Technique to synthesise anticancer compound FE399 developed

A team has successfully created a new method to artificially produce FE399, a compound known to induce apoptosis in cancer cells.

Cancer cell apoptosis - FE399

A team has revealed that they have successfully synthesised a compound called FE399, which is known to induce apoptosis in cancerous human cells in vitro and particularly in colorectal cancer cells. The study was conducted by researchers at the Tokyo University of Science in Japan.

FE399 was previously identified by scientists who found the compound in a species of filamentous fungus called Ascochyta, which is often found afflicting common food crops such as cereals. The compound is a specific group of depsipeptides, a type of amino acid group.

Due to a variety of chemical complexities, FE399 compound is not easy to purify, hindering plans for its widespread applications in cancer treatment.

Now, a group of researchers led by Professor Isamu Shiina, along with Dr Takayuki Tonoi and his team, has been able to synthetically produce the compound. 

“We wanted to create a lead compound that could treat colon cancer and we aimed to do this through the total synthesis of FE399,” said Professor Shiina. Total synthesis is the process of complete chemical synthesis of a complex molecule using commercially available precursors, allowing mass production.

The team began by identifying the structure of the depsipeptide. According to the researchers, this was relatively simple and could be easily performed using commercially available and inexpensive materials. Following this, the subsequent procedures required many steps and resulted in some small failures when isomers were unsuccessfully isolated.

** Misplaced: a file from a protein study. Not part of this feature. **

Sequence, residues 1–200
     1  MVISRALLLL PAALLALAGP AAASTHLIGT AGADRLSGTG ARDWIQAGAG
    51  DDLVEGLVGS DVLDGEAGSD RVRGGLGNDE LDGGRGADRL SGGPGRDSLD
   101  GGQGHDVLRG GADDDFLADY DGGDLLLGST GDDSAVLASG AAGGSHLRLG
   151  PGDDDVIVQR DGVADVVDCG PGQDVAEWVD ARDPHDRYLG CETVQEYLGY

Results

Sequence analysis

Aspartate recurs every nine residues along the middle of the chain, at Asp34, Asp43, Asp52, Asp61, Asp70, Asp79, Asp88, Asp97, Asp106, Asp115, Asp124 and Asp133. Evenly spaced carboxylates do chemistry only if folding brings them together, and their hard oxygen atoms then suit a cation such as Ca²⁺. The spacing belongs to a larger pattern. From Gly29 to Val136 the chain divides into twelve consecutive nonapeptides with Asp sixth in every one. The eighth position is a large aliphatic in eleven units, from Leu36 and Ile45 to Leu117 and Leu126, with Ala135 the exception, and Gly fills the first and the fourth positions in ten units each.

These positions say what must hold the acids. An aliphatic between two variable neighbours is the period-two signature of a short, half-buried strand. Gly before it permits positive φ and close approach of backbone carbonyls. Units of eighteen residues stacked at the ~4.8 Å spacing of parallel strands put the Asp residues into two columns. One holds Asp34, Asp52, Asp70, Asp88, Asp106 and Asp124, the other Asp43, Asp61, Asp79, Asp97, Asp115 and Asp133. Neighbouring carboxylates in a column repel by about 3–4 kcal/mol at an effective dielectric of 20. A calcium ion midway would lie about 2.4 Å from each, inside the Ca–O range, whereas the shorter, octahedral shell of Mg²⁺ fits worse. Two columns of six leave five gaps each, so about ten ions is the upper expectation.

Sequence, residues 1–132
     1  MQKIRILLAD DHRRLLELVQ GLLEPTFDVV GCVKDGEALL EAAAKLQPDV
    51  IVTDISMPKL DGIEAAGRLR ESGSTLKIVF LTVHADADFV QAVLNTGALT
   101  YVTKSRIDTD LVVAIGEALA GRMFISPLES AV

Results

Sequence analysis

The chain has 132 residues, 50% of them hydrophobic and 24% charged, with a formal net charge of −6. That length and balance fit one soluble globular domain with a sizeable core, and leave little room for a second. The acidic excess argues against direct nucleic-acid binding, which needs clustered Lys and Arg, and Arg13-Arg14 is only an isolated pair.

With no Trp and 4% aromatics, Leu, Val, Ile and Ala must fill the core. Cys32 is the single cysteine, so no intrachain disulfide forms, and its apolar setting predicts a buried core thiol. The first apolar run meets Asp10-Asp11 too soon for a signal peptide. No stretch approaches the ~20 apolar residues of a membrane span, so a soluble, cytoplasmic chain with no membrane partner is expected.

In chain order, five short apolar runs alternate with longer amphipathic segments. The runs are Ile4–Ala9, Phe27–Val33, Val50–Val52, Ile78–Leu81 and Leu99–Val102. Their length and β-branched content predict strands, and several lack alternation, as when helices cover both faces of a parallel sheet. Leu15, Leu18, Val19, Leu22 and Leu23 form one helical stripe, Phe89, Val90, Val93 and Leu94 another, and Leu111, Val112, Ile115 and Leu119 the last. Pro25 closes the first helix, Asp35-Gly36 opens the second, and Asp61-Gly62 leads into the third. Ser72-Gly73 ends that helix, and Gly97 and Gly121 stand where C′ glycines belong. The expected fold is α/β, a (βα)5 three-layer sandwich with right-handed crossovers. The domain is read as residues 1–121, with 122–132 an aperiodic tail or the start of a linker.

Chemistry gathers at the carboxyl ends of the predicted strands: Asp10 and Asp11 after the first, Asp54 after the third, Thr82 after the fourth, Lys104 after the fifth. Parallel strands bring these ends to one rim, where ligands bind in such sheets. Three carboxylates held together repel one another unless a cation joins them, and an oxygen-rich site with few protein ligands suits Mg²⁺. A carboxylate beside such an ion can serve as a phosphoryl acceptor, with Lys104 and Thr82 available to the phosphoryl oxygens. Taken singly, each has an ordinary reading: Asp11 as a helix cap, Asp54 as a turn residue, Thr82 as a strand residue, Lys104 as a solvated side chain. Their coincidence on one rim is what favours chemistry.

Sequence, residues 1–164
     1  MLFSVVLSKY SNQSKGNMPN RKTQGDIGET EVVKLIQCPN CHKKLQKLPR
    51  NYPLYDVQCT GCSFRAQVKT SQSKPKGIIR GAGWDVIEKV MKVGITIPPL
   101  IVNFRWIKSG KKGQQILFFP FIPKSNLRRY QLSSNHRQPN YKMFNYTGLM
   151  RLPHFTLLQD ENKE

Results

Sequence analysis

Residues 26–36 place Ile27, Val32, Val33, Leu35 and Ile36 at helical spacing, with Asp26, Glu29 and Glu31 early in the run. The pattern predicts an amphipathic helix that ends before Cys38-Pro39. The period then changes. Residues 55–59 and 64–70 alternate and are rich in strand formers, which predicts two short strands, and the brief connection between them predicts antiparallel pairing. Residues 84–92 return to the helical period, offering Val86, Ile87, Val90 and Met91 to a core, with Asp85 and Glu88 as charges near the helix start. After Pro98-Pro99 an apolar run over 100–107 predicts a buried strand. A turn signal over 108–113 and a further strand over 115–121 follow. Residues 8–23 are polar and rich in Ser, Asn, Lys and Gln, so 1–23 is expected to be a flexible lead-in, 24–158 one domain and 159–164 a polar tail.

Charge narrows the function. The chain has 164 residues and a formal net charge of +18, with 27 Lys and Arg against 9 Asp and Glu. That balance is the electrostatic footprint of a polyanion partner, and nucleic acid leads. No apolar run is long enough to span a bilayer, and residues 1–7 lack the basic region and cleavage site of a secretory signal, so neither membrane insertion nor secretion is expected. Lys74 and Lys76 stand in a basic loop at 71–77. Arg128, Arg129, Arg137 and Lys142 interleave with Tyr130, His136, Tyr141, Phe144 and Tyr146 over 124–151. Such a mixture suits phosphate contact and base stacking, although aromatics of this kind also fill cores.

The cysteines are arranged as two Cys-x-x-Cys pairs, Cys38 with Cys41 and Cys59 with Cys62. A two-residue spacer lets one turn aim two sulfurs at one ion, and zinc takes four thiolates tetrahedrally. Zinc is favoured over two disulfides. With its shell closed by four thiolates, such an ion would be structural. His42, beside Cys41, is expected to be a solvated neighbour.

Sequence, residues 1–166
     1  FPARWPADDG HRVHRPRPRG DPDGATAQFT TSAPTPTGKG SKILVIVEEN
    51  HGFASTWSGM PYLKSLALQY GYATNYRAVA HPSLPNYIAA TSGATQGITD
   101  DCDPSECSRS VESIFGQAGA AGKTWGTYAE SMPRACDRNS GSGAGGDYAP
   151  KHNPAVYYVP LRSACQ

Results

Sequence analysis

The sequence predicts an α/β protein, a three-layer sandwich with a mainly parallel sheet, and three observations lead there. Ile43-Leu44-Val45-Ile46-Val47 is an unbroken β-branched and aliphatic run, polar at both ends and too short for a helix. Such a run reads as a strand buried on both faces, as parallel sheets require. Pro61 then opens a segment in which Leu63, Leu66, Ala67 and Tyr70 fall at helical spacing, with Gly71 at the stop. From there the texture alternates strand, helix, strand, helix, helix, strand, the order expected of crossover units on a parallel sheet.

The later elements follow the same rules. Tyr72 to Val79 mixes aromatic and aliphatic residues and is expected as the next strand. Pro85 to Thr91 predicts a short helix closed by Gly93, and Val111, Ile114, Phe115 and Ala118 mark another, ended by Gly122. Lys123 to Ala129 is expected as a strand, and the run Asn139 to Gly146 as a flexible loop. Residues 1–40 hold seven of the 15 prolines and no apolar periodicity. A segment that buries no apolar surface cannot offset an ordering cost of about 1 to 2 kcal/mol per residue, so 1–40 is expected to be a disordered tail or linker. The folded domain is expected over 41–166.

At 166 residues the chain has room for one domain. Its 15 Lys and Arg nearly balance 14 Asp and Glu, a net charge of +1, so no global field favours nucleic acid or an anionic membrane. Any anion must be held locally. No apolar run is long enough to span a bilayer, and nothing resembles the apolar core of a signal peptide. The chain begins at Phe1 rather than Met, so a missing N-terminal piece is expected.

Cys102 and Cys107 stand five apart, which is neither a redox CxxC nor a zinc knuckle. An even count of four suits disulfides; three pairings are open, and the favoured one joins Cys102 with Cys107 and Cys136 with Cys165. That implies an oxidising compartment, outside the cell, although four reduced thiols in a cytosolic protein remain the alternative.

However, the team eventually had a major breakthrough when their mass spectrometry and nuclear magnetic resonance studies confirmed that a trio of spots on a plate showed an identical chemical signature to the known formula of FE399, meaning that they were able to successfully recreate the compound synthetically.

The researchers say their technique was found to have an overall yield of 20 percent, promising for future large-scale production plans. 

“We hope that this newly produced compound can provide an unprecedented treatment option for patients with colorectal cancer and thus improve the overall outcomes of the disease and ultimately improve their quality of life,” states Professor Shiina.

Further research is now required to test the efficiency of FE399 in the treatment of other solid and blood-based cancers and the biological activities and structure of the molecule will need to be evaluated.

The results will be published in the European Journal of Organic Chemistry.